Timing is key. Sure, you could mindlessly select attacks to execute, taking down enemies hit after hit. But things start to click when you see how attacks can be chained. All of the commands seem to move into each other, and if you’re watching the action bars of the other party members, you can gauge when they’ll be ready to attack. When done right, you’ll line up multiple attacks in a row. The goal here is to cause the enemy to glow red, which means that they’re more susceptible to attacks. Once they are red, be sure to hit them with a launch attack, which will launch them in the air and leave them ready to be finished off. A chain counter at the top right of the screen counts your successful chains, and a post-battle ranking system rates you on how well you performed in the fight. As I said before, it’s simple and elegant, and I can see how full-on battles with spells and techniques and such would be really fun.
The demo continues on with Lightning and Sazh taking down this training boss, fighting a string of battles with low-level soldiers, and then working their way across a bridge to a first boss. There are no random encounters, though. You’ll physically run into mobile enemies, transition into a fight screen, and then do your thing. In running across the bridge, there are some hotspots, represented by a ring of light. Having Lightning step on these causes her to jump across obstacles. Otherwise, you’re just controlling her movement and the camera with the analog sticks.
What a pair.
The first boss, basically a beefed-up solider with a spear, provided a bit of a challenge, but it was here that I first started to appreciate the chaining of attack commands. These battles are fast-moving, and you start to fall into this pace of watching everything happening on-screen and then making your move at the best time. Enjoyable is the word that first comes to mind. The battle system is not completely new, but somehow it manages to be fresh and interesting. On the flip side, I could see where a lack of explanation or exploration would have gamers thinking that the battle system is quite dull.
As the demo continues, you take control of another character, the charismatic blonde guy named Snow. He and two other party members, a sexy gun-toting female (the next Rikku, mark my words) and a red-headed brute, seem to be members of some resistance force. As you’d guess by his name, Snow uses ice attacks, replacing Lightning’s fire ones. They also work across a bridge-like scene, taking down similar soldier-type enemies, all leading to a final boss named Behemoth. Even with three party members, this beast is a bit of a challenge, especially if you don’t have the whole chaining system down. When you do take him down, the demo ends.
Presentation-wise, I was extremely impressed. Aside from the amazing video we mentioned earlier, the graphics, design, and art are also very good. While some of the enemies look like good ol’ Final Fantasy enemies (robo-felines, faceless foot troopers), the main characters themselves seem to stand out. Unlike Final Fantasy XII, this looks like a cast I would be interested in following. This is our first time seeing Final Fantasy in high-definition, and it’s just about everything I expected it would be. The game’s world has a shine and polish, and even the enemy character models impress from a technical standpoint. And the musical score is already ramping up to be something special. The title screen song is breathtaking, and the ones that follow in battle are orchestrated and lively, and definitely mark a new turn for Final Fantasy music. I can’t wait to hear the rest of it.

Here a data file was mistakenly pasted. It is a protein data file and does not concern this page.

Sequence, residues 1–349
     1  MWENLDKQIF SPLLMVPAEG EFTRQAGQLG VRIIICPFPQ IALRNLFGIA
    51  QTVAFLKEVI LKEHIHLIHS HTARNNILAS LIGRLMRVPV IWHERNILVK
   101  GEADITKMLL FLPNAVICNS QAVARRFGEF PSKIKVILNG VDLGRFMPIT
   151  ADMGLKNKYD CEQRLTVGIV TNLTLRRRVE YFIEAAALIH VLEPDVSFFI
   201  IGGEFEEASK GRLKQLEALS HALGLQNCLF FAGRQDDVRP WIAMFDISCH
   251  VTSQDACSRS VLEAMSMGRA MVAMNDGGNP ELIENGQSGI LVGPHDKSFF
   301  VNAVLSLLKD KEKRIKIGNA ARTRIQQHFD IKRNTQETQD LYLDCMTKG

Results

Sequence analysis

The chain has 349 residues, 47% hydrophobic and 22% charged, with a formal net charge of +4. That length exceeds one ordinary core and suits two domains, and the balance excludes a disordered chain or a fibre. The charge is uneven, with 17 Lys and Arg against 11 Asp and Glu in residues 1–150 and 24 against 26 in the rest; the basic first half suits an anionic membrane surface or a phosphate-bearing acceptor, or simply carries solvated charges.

Obligatory mysterious prisoner.
Aside from the battles, the demo itself isn’t much more than a barely interactive slideshow of what to expect in the final game. About half of your time is spent watching cutscenes, and the other half fighting those low-level enemies. In all, it’s about an hour’s worth of game play. It’s not worth buying, but definitely worth trying. I guess the best thing I can say about the Final Fantasy XIII demo is that I’ve played it several times, and I’m pretty excited to see the rest now. I just know they’re holding the best stuff back.
It’s probably too early to call, but I’m already expecting great things. The lack of…well, everything in the demo poses lots of questions, though. Where are the techniques and specials? How do you level up? Where the hell is my victory music? We won’t know until 2010.
Look, if you hate RPGs, you’re really going to hate this. But for Final Fantasy fans, I think this is something to look forward to. But what do I know? I liked Final Fantasy VIII.